Taz, “we hardly knew yer”
… to slightly paraphrase the old tune. As this is a sort of eulogy, I am allowed some latitude.
West Hollywood is a town full of single people, many of whom have loved and loving animal companions. The variety of such roommates is quite interesting. Many years ago, a neighbor had a duck living with him, and the two would make a daily walk around the block. My young boys were always fascinated with Dave and his quacking pal. He also carried a gorgeously colored parrot on his shoulder. But most people have dogs, and many have cats.
Our house has been blessed with some wonderful animals. Sadly, two of them were killed on our street. Peripatetic pussycats and curious canines can often wander into harm’s way with fatal results. “This is not Kansas anymore, Dorothy”, and it may not even be West Hollywood anymore. We are a “pass-through” community with thousands of vehicles whipping through our streets every day. By and large, the drivers seem to care only about a rapid transit of the city, caring little about their surroundings, the pedestrians and the speed of their vehicles. Coupled with the amount of construction equipment in the neighborhood, this makes for a dangerous passage for those animals that do wander.
Chequers was a tough little cat who whelped a litter of six in our bedroom closet. She lived to be seven years old before she was struck by a car. Jenny, a golden retriever was hit by a VW bug on Robertson as she slipped her leash to run across the street to greet one of my boys. The driver stopped a block away, got out and looked back where two men from the Glass Garage were picking Jenny up. She got back into her car and left. (Just passing through, thank you.) The men took Jenny up to Doc Miller, the precursor of VCA.
It is quite a shock to find a beloved animal maimed and bloody – and so close to home. That’s how Taz was found yesterday morning. I have not yet spoken to his companion but I can be assured that he is heartbroken. We were just beginning to accept him into the neighborhood mix. Our old Romeo, about 16 years old, had a brief territorial dispute with Taz, and they kept a distance from each other. Not so fortunate another time, Taz sustained severe injuries when he encountered a disagreeable dog. It certainly isn’t easy trying to establish in a new area.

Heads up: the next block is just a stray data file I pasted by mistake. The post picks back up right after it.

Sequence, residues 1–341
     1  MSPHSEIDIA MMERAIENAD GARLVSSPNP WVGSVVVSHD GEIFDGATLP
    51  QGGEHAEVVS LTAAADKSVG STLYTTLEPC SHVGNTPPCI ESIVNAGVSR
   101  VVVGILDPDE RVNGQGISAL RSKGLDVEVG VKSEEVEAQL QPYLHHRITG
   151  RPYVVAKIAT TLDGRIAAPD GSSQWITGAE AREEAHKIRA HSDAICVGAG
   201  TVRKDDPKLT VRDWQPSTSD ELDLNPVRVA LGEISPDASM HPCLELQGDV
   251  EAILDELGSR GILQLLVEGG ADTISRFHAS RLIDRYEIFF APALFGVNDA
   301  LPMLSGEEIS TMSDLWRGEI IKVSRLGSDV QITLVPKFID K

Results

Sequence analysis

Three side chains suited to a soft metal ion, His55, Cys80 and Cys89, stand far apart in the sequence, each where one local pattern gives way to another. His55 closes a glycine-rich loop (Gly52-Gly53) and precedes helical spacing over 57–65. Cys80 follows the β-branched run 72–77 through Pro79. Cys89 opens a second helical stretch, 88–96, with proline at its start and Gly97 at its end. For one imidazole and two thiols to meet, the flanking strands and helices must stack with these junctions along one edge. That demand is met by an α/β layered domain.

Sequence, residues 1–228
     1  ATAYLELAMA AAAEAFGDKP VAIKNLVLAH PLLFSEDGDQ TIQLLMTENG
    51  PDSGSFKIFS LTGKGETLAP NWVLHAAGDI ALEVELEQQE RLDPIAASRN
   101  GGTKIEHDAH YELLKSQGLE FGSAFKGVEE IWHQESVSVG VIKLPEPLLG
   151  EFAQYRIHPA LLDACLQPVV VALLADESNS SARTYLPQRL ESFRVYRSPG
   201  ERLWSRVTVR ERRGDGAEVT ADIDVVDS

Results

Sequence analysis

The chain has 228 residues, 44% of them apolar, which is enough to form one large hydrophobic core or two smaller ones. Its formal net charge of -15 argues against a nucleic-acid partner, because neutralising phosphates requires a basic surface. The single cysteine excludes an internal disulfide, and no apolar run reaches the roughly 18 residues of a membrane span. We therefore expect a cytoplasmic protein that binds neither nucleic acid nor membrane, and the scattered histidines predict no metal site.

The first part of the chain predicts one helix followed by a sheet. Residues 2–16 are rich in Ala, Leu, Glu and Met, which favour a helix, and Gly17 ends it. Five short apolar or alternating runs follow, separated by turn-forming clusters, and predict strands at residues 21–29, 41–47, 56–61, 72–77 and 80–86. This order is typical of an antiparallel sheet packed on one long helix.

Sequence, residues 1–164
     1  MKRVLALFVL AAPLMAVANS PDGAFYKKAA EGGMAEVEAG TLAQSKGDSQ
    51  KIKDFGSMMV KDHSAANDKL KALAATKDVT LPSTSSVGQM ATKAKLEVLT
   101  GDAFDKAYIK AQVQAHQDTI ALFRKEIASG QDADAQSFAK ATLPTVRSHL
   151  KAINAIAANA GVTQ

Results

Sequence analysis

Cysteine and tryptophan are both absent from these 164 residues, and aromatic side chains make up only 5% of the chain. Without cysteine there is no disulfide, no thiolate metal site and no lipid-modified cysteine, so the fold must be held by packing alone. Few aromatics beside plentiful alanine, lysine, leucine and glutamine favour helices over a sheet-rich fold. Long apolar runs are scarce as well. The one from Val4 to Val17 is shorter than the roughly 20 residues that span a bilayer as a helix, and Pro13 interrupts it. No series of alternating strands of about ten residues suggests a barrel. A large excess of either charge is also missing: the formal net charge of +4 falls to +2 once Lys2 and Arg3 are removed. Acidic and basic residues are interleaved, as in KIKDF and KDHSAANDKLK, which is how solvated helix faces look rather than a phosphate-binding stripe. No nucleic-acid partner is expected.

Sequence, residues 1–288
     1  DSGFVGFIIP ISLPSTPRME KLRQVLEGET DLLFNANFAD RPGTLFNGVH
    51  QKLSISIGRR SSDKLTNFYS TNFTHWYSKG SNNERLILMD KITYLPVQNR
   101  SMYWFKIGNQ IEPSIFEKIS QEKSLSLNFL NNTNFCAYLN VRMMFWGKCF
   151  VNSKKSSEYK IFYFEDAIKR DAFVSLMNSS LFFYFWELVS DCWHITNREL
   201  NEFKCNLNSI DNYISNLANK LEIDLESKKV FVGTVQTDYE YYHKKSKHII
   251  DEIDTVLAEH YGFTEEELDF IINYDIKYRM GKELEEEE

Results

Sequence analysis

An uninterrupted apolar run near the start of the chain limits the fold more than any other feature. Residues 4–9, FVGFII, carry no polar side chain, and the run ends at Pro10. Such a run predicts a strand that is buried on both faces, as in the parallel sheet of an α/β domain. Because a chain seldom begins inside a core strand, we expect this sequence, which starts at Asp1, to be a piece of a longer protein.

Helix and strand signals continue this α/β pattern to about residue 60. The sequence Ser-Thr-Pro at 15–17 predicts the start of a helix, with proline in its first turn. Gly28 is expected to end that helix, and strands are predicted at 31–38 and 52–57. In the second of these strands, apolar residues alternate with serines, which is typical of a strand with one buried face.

He was an unusual animal, striking, a cat species only recently recognized as a separate breed. A cross between a serval (African wildcat) and a domestic cat, Taz was a long-legged beauty. His coloring was remarkable and unforgettable. I formally met him in his house, and he was calm, curious, welcoming and affectionate. A lovely animal. We’ll miss him – even before we got to know him.
This is a cautionary tale as well as a farewell. I feel that the city is not a welcoming place for companion animals any more. We’re too busy a place; our parks are too small for running, and our traffic and general bustle make it decidedly difficult to keep our animals safe and sound. However, we’ll not give up, and we’ll love with these animals we have “domesticated” and come to care for so very much. That is one of the better characteristics of our “humanity.”